Announcements: June 12, 2012, Morgan Philbin
Conferences, Call for Papers, Call for Abstracts, and other Announcements from a collaborative website covering the intersections of medical anthropology, science and technology studies, cultural psychiatry, psychology and bioethics.

Somatosphere, 12 June 2012

Delayed paternal age of reproduction in humans is associated with longer telomeres across two generations of descendants, M. Geoffrey Hayesa Dan T. A. Eisenberg, and Christopher W. Kuzawaa
The lengthening of telomeres predicted by each year that the father’s or grandfather’s reproduction are delayed is equal to the yearly shortening of TL seen in middle-age to elderly women in this sample, pointing to potentially important impacts on health and the pace of senescent decline in tissues and systems that are cell-replication dependent. This finding suggests a mechanism by which humans could extend late-life function as average age at reproduction is delayed within a lineage.
Note: This study seems related to the big release on Testosterone Anthropology in 2011. Press coverage has been even stranger for this one, in some cases highlighting a “genetic programming” for longevity and the idea that this evolutionarily promotes older men to seek younger women.

How geography shapes cultural diversity, Zoe Corbyn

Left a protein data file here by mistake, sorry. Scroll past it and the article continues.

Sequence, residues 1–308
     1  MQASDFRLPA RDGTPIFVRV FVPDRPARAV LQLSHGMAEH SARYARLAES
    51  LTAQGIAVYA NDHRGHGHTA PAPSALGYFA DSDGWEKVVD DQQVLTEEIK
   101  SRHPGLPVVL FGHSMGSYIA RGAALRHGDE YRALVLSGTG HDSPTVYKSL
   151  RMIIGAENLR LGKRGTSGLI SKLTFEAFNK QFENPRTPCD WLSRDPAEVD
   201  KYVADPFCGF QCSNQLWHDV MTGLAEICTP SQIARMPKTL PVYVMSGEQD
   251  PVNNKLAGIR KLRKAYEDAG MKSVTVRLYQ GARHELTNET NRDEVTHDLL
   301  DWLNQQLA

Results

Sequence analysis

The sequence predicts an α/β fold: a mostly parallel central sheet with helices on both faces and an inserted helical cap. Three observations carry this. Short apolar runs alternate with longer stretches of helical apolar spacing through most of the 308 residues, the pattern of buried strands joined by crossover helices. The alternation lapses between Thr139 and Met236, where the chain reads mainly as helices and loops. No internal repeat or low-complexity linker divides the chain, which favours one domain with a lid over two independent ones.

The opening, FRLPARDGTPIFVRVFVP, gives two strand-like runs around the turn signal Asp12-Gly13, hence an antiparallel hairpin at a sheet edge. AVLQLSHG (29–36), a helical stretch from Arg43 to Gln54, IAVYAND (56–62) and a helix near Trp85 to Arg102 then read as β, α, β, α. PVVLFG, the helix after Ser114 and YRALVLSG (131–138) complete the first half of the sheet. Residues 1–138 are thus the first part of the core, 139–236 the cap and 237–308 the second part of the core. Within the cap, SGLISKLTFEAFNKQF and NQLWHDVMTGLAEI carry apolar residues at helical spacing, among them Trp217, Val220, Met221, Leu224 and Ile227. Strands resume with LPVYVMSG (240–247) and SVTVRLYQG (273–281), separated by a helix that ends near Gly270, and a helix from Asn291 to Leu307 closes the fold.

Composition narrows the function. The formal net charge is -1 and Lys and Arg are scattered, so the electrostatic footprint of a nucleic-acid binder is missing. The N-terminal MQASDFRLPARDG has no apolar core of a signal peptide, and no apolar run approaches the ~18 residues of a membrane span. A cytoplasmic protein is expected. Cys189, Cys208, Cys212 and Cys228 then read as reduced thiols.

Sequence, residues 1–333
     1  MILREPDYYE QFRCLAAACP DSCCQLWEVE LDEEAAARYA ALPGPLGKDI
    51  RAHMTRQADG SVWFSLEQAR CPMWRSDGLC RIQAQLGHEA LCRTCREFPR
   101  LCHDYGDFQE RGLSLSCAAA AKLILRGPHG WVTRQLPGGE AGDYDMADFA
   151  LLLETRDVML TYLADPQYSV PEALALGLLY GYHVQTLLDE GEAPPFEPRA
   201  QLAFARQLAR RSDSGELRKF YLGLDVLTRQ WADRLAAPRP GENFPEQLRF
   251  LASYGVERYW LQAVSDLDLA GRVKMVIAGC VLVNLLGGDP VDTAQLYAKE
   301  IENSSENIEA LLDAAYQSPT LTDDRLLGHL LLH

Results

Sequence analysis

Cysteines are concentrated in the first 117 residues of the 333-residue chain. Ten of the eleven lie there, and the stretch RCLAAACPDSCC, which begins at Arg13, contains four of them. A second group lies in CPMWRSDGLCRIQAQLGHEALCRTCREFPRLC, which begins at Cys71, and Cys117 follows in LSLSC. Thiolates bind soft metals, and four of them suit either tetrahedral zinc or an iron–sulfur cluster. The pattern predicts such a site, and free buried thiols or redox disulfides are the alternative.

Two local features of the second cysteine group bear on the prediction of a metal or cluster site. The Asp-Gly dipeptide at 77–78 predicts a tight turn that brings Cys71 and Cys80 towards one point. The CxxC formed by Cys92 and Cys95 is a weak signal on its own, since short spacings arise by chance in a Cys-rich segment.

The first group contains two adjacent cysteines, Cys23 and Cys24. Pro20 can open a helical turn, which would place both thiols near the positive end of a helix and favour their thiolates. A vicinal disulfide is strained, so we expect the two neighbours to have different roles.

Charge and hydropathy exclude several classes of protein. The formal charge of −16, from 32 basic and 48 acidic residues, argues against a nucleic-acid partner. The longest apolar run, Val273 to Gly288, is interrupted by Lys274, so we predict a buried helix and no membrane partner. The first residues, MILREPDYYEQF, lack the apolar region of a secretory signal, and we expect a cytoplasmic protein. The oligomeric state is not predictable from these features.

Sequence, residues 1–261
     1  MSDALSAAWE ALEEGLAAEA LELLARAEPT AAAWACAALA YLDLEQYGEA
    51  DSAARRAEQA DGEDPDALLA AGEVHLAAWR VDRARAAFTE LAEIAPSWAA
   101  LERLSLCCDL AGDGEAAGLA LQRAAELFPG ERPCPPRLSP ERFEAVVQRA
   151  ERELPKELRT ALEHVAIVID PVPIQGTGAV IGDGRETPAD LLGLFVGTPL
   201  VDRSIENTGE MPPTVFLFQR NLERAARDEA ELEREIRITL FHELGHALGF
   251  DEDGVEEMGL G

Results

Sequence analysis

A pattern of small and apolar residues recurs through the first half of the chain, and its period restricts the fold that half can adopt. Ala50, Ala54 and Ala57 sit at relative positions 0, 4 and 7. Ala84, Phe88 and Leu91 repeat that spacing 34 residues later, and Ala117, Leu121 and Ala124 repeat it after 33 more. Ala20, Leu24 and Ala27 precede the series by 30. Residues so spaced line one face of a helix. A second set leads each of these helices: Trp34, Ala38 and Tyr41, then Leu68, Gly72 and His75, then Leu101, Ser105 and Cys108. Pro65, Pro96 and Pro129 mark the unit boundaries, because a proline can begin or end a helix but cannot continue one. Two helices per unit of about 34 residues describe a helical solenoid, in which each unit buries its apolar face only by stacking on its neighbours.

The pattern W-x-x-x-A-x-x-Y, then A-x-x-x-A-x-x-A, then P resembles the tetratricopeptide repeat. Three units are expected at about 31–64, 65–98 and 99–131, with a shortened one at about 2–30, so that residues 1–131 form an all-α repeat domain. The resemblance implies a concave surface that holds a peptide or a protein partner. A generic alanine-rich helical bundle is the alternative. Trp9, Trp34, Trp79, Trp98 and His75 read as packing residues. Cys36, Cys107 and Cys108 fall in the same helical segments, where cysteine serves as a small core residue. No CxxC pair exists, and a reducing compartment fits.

One reason that Eurasian civilizations dominated the globe is because they came from a continent that was broader in an east–west direction than north–south, claimed geographer Jared Diamond in his famous 1997 book Guns, Germs and Steel. Now, a modelling study has found evidence to support this ‘continental axis theory’. . . . But others who are sceptical of the continental axis theory say that the study does little or nothing to strengthen its case. Language is a poor proxy for something as all-encompassing as culture, says John McNeill, a historian at Georgetown University in Washington DC. Many countries are either so small that the axis-length component of cultural diversity is negligible, or they are so close to square or round that it is hard to imagine a little extra length in one direction or another making much difference.
Note: I find myself supporting the skeptics at the end of the article. Something about the categories of country and language diversity just don’t seem to make this a “test of hypothesis.”

Nature, 11 June 2012

Approaching a state shift in Earth’s biosphere, Anthony D. Barnosky et al.
Anthropology Update 13 June 2012Localized ecological systems are known to shift abruptly and irreversibly from one state to another when they are forced across critical thresholds. Here we review evidence that the global ecosystem as a whole can react in the same way and is approaching a planetary-scale critical transition as a result of human influence. The plausibility of a planetary-scale ‘tipping point’ highlights the need to improve biological forecasting by detecting early warning signs of critical transitions on global as well as local scales, and by detecting feedbacks that promote such transitions. It is also necessary to address root causes of how humans are forcing biological changes.
Note: This seems ripe for anthropological analysis, both in terms of understanding the specifics of particular “tipping points” and industrialized or globalized landscapes, but also potentially qualifying the idea that it is only human activity which transforms the earth.

Nature, 7 June 2012